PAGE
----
Hong Kong consists of Hong Kong Island, the Kowloon Peninsula, the New Territories, and other outlying islands. With a total land area of around 1,100 square kilometers, Hong Kong is the home of just over 7 million people. Hong Kong became a British colony in 1842 but reverted to Chinese rule in 1997 under the official name of the Hong Kong Special Administrative Region (HKSAR). The official languages are Chinese and English.
Although both Chinese and English can be used as languages of instruction in the schools, English is often the medium of higher education in Hong Kong. In view of Hong Kong’s importance in financial services, this is not surprising. In the last decade, Hong Kong has also become more active in the literary arts in English. The Hong Kong International Literary Festival was inaugurated in 2001, and the Man Asian Literary Prize (established in 2007) chose Hong Kong as its base. There are quite a few creative writing programs based in Hong Kong, including the M.F.A. in creative writing in English at the University of Hong Kong (HKU), the M.F.A. in creative writing at the City University of Hong Kong, and a new bilingual B.A. (Honors) in creative and professional writing at Hong Kong Baptist University. Literary prizes in English include one offered by Proverse Hong Kong, a publisher based in Hong Kong, and a poetry prize offered by HKU since 2010.
Hong Kong, an international city, seems to attract a good number of writers from other countries to its shores; even the writers originating from Hong Kong often travel overseas. The Hong Kong literary community is rather fluid, with members constantly arriving, departing, passing through, or returning. Given the bilingual nature of the society and the cosmopolitan influx of creative energies, it is appropriate to include in a snapshot of Hong Kong poetry not only those voices of Hong Kong provenance but also some poets who have transplanted themselves to Hong Kong from other lands. Of the 15 poets featured in this issue of FUSION, nine are of Chinese ethnicity but write in English (three of whom are currently living abroad), two write in Chinese but have been translated into English, and the remaining four hail from native English-speaking countries but have now made Hong Kong their home or one of their homes.
Although Hong Kong is surrounded by water, it seldom suffers from water-related disasters such as the 2004 tsunami, which hit several Asian countries. In one way, though, Hong Kong shares the plight of some other countries around the world: it cannot collect enough water from rainfall and has to import water from the China mainland for daily consumption by its vast population.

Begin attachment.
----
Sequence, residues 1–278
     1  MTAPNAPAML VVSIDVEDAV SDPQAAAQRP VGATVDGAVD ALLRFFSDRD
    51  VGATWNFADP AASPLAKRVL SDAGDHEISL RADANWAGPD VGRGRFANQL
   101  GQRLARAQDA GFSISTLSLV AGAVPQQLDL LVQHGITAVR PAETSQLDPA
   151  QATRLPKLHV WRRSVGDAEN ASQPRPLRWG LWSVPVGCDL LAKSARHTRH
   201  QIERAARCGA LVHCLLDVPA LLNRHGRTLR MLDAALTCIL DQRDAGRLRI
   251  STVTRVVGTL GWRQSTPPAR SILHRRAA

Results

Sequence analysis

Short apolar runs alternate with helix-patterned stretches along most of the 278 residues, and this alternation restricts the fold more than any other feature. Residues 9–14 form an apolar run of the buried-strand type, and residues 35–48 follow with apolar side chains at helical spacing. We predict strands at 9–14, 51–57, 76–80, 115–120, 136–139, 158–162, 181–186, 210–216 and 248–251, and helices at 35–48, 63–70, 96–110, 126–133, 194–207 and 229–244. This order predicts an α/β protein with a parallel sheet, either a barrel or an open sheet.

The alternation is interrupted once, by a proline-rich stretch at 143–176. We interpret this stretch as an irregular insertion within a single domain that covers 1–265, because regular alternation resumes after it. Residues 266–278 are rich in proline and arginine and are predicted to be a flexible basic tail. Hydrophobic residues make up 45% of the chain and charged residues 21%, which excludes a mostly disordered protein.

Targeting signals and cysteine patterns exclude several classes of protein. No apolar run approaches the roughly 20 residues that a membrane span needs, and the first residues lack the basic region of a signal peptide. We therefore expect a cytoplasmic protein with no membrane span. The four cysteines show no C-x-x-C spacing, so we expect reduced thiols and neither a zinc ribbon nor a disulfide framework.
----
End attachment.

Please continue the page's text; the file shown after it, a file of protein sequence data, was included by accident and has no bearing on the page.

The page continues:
It has been said that clean water is now more precious than petroleum. Water is a diminishing element, and yet so vital for life. This special FUSION addresses water in all its forms— materially or metaphorically. One readily thinks of the Hong Kong harbor, the mist rolling down its mountains, the seasonal rain flooding a few areas usually only for a few hours, the raging typhoons that keep everyone lazing indoors…Yet as Marie Yip, the artist for this issue of FUSION, demonstrates in her photography, water permeates all our activities from birth to rebirth. The poems as a whole strike the same chord. The sea is the primeval bed of life and the rhythm of life, but it can also drown individuals. It can provide fish to sustain life, but it can also be a place of burial. A river offers communion with China, but it might also carry dead baby girls downstream. On land, a typhoon night might become a backdrop for intimacy, but it can also scatter dandelions like wandering ghosts. While literary ashes can be emptied into a well, poets can also choose to travel forever on a ferry. Paradoxes aside, one may simply decide to enjoy a fruit oozing with juice forbidden in a train, or admire ice lanterns in the wintry gloom, even if the amusement will not last. Water pervades life—both the destruction and the wonder.
Without the creative and generous participation from the poets and the artist, it would not have been possible to compile this issue. Some of the poems included first appeared in other publications and the kind permission from the authors and publishers to reprint them is gratefully acknowledged:
Ho, Louise. (2009). Canticle on a Drop of Water. Incense Tree: Collected Poems of Louise Ho (p. 31). Hong Kong: Hong Kong University Press.
Kaiser, Timothy. (2003). No Food or Drink on the Train. Food Court: Poetry by Timothy Kaiser (p. 16). Hong Kong: Chameleon Press.
Lee, Elbert S. P. (In press). You Can Stay on This Ferry Forever. Rain on the Pacific Coast. Hong Kong: Proverse Hong Kong.
Lo, Kwai Cheung. (2012). A Postgraduate Gender Class Almost Drowning a Miss Hong Kong Contestant. Memory temporarily kept (pp. 87-88). Hong Kong: Twilit Publication. First published in Chinese.
McKirdy, David. (In press). Bamboozled. Ancestral worship. Hong Kong: Chameleon Press.
Slavick, Madeleine. (2010). North. Something Beautiful Might Happen (p. 96). Tokyo: Ushimaoda.
Tu, Chia Chi. (2002). Female Fish. The Witch’s Song (pp. 110-114). Hong Kong: Su Yeh Publications. First published in Chinese.
This issue also drew upon the background research for the Contemporary Asian Poetry in English project, fully supported by a substantial grant from the Research Grants Council of the Hong Kong Special Administrative Region, the People’s Republic of China (Project No. HKU 745908H), and a merit award from the University of Hong Kong. Sincere thanks are also owed to Xu Xi for her kind introduction to Kwame Dawes; to Page Richards for her timely help in contacting some of the poets featured; and to Kwame Dawes, Marianne Kunkel, and the Prairie Schooner editorial team for their professional support at various stages of the work.